How does commercial materialism destroy human capital? And how is it related to the erosion of culture? A good example is the contemporary way universities are, in general, run. The university’s relatively new status as a business means that it desperately needs students, and that it will feel the need to make it as easy as possible for everyone, anyone, to enrol. This results in lowering standards all around, the neglect of subjects which don't promise future quick financial profits (but which are crucial for the development of a mature, sophisticated, educated person), and the inevitable devaluation of degrees. Instead of the formation of educated and cultured people before they enter society - 'Bildung' - universities produce more or less functioning cogwheels in the big machine of 'the market', the 'place' where everything in life is measured according to its price and nothing to its value. In the market place there are no 'goods' that are an absolute value in themselves, but there are only prices.
Culture can only exist as a value in itself, otherwise it is not culture. Value in itself presupposes distinction, the notion that there are things that are better than other things, not based upon their price but upon their value; on this idea the whole concept of human civilizational development is based. The conservatories and music faculties in the West, offering musical education in both practical musicianship, theory and composition, are thus facing a dilemma: producing more musicians than can find a position in the central performance culture or the new music circuit, is necessary to keep the institution on the rails, and producing many more composers than can ever make a living on composing or/and find public recognition through performances, may seem to safeguard the art form's status, but on the expense of young lives getting stuck.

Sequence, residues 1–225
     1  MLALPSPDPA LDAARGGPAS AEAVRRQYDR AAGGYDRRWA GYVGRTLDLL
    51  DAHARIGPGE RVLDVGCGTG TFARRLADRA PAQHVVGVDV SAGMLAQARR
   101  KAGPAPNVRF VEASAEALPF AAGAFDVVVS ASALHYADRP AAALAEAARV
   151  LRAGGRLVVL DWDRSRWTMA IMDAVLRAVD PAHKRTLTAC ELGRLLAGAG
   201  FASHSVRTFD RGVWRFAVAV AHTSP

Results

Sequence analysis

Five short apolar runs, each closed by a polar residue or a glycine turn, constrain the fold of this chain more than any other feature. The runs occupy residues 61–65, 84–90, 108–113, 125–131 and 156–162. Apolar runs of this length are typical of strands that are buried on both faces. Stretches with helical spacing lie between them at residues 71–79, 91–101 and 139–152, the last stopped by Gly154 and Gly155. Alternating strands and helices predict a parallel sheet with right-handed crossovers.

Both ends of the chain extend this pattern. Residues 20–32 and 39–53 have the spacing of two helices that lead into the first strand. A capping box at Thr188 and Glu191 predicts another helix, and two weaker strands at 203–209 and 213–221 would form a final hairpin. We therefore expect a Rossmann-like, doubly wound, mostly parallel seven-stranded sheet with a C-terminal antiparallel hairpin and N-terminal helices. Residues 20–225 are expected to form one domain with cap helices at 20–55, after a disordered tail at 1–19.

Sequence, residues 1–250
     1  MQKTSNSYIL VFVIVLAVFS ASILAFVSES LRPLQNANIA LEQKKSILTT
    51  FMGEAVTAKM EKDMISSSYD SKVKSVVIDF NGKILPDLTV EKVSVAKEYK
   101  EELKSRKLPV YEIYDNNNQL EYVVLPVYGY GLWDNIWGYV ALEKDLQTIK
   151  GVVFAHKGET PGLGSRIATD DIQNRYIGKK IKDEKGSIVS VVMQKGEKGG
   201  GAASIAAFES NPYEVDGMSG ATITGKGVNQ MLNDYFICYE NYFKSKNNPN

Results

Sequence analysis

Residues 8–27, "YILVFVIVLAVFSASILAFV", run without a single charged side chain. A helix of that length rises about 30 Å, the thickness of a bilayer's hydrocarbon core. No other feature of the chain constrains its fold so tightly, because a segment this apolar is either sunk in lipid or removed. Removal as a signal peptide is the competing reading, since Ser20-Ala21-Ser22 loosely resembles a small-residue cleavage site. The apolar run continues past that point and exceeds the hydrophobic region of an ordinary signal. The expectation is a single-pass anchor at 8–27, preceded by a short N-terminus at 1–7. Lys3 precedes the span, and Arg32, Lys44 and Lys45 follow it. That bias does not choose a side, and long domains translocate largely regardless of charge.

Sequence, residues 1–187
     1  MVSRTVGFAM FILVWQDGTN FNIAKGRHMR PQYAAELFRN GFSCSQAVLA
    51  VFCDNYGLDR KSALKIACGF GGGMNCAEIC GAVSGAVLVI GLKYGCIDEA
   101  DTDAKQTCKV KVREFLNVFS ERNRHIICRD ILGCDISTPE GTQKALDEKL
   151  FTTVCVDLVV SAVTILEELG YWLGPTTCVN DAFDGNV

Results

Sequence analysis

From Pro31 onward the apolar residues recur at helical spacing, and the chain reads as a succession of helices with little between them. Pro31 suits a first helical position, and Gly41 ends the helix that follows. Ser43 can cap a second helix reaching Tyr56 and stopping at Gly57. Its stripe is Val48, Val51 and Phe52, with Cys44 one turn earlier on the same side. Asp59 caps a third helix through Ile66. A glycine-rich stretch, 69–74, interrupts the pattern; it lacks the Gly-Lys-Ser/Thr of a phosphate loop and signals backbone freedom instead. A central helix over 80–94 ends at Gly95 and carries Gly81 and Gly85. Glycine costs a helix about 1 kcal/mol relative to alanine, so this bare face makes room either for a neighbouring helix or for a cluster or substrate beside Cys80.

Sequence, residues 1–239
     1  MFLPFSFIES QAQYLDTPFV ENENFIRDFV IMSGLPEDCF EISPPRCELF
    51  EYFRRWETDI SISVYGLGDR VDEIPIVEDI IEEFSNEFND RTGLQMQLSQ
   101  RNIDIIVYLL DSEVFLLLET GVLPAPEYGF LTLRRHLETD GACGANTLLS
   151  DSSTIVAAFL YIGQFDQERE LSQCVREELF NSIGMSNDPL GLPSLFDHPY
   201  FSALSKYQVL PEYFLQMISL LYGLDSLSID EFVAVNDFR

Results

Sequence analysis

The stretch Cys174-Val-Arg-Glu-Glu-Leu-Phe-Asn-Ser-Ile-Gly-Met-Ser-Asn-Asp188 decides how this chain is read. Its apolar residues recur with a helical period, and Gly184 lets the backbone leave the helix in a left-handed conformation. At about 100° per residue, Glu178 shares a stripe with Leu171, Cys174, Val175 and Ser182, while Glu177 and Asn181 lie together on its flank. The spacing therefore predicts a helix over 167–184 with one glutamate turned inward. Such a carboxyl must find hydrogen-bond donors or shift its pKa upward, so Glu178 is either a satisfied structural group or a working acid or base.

While a small number of young performers can, with great effort, possibly find a place in ensembles or orchestras, the rest has to find some form of teaching (or will be leaving music altogether), young composers who are supposed to contribute to the art form are left in the dark, unless they find a way into the community which makes-up, in every country, the 'new music circuit' which is kept upright by artifical means: state subsidies, special community programs, private donations by people or businesses interested in a touch of 'contemporaneity' to enhance their status or brand. Within the circuit, aesthetic and ideological myths form the filter which makes sure that aspiring newcomers conform to the indoor climate, which needs to assert itself against the 'bourgeois, commercial' classical performance culture; here, modernism and its watery progeny mixed with pop is of great help. Here we see a connection between materialist market forces and 'idealism': the low level of 'totally free' modern music mores makes it easy to teach at the educational institutions which need as many students as possible, who - after their educational trajectory - flock to the island of the circuit which is the only place where eager young composers could hope to find a safe haven, but where they will have to conform to aesthetic standards which are nowhere explicitly stated but are nonetheless functioning as they are functioning in any community which feels threatened by an 'indifferent or hostile world'. The number of fresh composers, flowing into the subsidy curcuits in Europe, are thus the result of the survival strategies of the educational institutions, which can be considered a covert form of commercialism: to survive in the field, the institutions offer the 'clients' - the students - what they want, thereby obtaining the money they need to keep the institution going (state support is based upon the number of students). When the students, after their matriculation, enter the subsidy circuit, they get into another form of 'commerce': they will have to produce what their 'clients' - the committees who channel the subsidy money - want, and the committees, made-up of 'experts' (mostly at the system's receiving end as well), have a vested interest to uphold 'criteria' which - happy coincidence! - always conform to exactly the 'ideals' they uphold for themselves. It will be clear that crucial to this system is its separateness from the central performance culture, since its being 'avantgarde' and 'of its time' provides the justification for state support, while the central performance culture is considered representing only 'the past' - a 'museum culture'.